Criminal Culpability for Heat-Related Deaths Among High School Athletics

Although training is critical in preventing injuries during competitions, the strenuous practice often results in many athletes’ deaths. Recently, the number of athletes succumbing to training injuries has risen consistently due to numerous temperature-related illnesses, such as heat stroke. However, leading researchers contend that since these experiences are precipitated by excessive physical exertion, the ultimate responsibility of avoiding heat-related conditions rests with coaches and trainers (Feingold, 2011). Therefore, high school coaches should not take risk that expose student to injuries or death.

Despite the risk of fatalities or death occasioned by excessive physical exertion from high school coaches, no clear rules guide learning institutions’ practice conditions. Feingold (2011) notes that there are no known school handbooks prescribing punishment for trainers or athletic directors. Moreover, some states are yet to formulate oversight policies for high school sports, leaving training sessions unregulated and exacerbating the growing incidences of heat-related deaths. Feingold (2011) posits that coaches should discern the appropriate sport for different seasons to mitigate injury and death risks among the trainees. Thus, the absence of policy frameworks by states and school districts leave high school trainees unprotected.

Trainers should adopt preventive interventions that protect students from injuries and deaths. For instance, availing drinking water and minimizing intense outdoor practice sessions in late spring and summer months, when temperatures reach potentially dangerous levels, protects students from exertional heat illnesses. The disregard of such measures increases the risk of injury or death, and potential criminal proceedings against coaches for negligence and wrongful death. However, both criminal and tort liabilities are difficult to establish against trainers, as revealed by Feingold based on Max Gilpin’s case (Feingold, 2011). Thus, such legislation would deter trainers’ negligence of pushing trainees beyond their endurance levels.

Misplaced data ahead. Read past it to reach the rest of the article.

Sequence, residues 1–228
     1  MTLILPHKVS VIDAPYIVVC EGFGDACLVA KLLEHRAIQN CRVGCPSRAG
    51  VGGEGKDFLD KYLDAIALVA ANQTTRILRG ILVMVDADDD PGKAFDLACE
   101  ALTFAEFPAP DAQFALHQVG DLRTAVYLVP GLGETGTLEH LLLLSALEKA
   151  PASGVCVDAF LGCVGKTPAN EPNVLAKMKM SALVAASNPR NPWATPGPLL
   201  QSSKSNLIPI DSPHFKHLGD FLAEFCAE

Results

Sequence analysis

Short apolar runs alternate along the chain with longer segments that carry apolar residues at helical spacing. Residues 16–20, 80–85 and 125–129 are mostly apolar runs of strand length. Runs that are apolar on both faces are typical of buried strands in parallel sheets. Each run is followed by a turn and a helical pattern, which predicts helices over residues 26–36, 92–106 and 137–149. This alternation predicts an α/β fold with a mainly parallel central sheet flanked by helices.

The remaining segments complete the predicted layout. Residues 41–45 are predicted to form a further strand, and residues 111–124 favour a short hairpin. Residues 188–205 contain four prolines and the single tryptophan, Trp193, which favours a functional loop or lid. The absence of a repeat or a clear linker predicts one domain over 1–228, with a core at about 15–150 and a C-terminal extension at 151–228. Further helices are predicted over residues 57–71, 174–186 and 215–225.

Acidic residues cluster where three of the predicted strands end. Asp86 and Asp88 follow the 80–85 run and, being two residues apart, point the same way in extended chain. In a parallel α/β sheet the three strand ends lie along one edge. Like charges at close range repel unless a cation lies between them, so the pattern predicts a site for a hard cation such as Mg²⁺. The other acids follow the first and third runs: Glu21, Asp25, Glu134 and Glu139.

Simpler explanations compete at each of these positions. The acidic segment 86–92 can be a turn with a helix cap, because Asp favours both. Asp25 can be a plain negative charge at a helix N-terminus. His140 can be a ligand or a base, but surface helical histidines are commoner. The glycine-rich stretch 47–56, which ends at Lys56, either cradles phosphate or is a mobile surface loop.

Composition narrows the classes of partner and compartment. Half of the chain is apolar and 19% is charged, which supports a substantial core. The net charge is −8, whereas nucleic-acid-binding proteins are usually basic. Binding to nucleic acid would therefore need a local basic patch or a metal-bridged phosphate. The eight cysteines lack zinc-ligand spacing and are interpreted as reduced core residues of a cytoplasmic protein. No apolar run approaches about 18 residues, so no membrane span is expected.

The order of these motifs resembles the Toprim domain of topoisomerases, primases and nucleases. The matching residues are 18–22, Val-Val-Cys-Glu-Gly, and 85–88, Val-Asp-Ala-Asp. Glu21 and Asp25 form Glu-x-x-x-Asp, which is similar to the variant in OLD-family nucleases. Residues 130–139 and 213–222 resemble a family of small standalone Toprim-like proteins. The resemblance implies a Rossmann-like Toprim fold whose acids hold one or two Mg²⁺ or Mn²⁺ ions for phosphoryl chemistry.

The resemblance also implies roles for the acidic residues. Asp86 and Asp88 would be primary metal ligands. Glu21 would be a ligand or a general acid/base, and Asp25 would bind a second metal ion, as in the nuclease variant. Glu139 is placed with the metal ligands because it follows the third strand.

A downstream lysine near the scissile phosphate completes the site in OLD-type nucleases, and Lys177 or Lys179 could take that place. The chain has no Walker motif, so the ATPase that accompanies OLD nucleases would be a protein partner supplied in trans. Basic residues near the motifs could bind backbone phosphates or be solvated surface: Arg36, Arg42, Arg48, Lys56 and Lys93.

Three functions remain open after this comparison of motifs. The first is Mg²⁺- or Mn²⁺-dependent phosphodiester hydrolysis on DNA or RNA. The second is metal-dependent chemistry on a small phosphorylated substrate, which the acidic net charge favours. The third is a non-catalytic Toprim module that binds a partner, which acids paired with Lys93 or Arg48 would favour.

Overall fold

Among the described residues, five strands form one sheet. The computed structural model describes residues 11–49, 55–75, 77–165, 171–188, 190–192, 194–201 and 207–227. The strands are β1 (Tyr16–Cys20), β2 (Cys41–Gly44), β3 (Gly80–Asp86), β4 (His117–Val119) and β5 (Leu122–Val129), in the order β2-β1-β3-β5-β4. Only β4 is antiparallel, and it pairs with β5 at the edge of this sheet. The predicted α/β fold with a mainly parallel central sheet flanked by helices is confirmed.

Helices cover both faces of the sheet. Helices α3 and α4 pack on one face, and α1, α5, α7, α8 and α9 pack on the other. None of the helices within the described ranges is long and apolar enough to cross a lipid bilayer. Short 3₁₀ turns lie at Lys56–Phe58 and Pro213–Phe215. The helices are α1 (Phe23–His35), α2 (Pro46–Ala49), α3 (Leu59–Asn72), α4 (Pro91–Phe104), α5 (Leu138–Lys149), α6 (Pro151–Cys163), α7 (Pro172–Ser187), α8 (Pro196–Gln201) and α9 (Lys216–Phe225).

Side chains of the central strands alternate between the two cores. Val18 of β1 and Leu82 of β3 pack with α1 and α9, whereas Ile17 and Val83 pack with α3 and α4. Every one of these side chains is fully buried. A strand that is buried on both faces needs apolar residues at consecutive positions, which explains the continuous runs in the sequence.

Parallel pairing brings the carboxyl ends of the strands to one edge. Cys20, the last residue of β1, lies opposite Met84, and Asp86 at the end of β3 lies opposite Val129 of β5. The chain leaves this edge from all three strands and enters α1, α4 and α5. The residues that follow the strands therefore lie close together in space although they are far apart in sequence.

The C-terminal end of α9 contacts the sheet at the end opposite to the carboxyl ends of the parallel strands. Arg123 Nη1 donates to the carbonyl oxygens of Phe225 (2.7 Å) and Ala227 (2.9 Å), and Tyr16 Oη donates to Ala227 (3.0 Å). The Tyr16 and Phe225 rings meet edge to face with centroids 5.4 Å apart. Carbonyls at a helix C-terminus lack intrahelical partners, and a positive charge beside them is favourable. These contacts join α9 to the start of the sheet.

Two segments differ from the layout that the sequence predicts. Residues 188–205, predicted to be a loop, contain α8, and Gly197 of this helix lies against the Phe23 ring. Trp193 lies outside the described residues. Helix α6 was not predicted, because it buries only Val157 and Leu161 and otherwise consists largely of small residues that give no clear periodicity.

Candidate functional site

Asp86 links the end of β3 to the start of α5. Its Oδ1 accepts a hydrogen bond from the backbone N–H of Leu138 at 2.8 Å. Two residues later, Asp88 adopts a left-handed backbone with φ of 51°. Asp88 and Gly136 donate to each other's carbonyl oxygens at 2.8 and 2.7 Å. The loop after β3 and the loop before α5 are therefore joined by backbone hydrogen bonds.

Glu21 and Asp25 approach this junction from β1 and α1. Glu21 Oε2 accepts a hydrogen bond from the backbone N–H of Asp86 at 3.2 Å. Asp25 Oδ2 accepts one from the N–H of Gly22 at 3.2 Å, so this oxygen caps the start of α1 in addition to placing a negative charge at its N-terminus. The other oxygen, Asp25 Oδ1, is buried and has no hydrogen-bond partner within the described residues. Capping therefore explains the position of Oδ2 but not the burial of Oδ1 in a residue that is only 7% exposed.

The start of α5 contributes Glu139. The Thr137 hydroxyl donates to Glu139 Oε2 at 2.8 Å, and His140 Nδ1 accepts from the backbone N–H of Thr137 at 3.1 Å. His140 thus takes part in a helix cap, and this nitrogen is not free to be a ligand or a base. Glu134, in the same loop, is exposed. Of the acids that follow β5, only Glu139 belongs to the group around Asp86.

Feingold’s approach prescribes a broad spectrum of solutions that advance the popularity of high school athletics while enhancing student safety. In my view, the author’s legislative proposals can foster excellent athlete safety compared to other suggestions, such as the provision of ice baths, which are unpractical. Conclusively, I concur with Feingold’s view that protecting trainers from criminal culpability should not override the pursuit of safer sporting for teenagers.


Feingold, D. (2011). Note: Who takes the heat? Criminal liability for heat-related deaths in high school athletics. Cardozo Journal of Law and Gender, 1-24.

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